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chunkymonkey

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Can neurologist-trained INR guys really compete for the same INR positions that are open to radiologists and neurosurgeons? It seems like the few guys that are have started their own departments at academic hospitals. Could this be because it is difficult for an interventional neurologist to get a job in a radiologist or NS-run department or in private practice?
 

neurologist

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Can neurologist-trained INR guys really compete for the same INR positions that are open to radiologists and neurosurgeons? It seems like the few guys that are have started their own departments at academic hospitals. Could this be because it is difficult for an interventional neurologist to get a job in a radiologist or NS-run department or in private practice?

It's probably more because there aren't enough interventional neurorads or neurosurg docs to fill the demand. If you are a neurologist who finished an interventional neurorads program, I'd suspect you are just as good at interventional neurorads as a radiologist or a surgeon.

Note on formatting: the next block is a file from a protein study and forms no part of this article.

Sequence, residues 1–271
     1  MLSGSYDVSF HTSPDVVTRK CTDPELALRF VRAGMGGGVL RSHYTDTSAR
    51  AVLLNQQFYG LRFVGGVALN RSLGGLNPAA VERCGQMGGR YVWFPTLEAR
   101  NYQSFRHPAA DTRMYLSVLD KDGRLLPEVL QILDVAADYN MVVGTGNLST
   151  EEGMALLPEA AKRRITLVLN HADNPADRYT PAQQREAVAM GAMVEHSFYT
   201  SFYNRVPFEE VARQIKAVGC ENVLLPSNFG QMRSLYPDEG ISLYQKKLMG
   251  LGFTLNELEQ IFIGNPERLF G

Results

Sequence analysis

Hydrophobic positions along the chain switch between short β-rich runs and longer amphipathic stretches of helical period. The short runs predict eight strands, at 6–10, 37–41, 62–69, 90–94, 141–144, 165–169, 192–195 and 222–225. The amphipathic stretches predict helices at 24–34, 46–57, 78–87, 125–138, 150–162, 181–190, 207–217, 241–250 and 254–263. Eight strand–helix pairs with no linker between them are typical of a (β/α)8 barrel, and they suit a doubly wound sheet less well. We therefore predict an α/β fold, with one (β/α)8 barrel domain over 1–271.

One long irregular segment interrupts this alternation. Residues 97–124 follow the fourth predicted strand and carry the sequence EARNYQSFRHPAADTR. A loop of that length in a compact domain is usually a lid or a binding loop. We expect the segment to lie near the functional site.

chunkymonkey

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I don't know. I've been looking at job listings for this field and many say must be board-certified in NS or Rads.
 
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danielmd06

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All of the fellowship programs for Endovascular Surgical Neuroradiology are ACGME-accredited through either a Neurosurgery or Radiology department. They accept Neurologists for the positions, but the certification is through Radiology or Neurosurgery departments.

Yes, there are Neurologists currently in private practice for ESN.
 

chunkymonkey

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Thanks for the info. Have you spoken to ESN-trained neurologists in private practice? I wonder if not being a radiologist or neurosurgeon was a detriment while they were looking for ESN jobs. I'm guessing the pay would probably be less as well.
 

danielmd06

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Thanks for the info. Have you spoken to ESN-trained neurologists in private practice? I wonder if not being a radiologist or neurosurgeon was a detriment while they were looking for ESN jobs. I'm guessing the pay would probably be less as well.

I've spoken with Interventional Neuroradiologists mostly, as they make up the vast majority of the current ESN practicioner pool. I have also spoken to one Endovascular Neurosurgeon, and one Interventional Neurologist.

Those aforementioned Neuroradiologists that have known Neurology-trained ESN docs were highly complementary about them.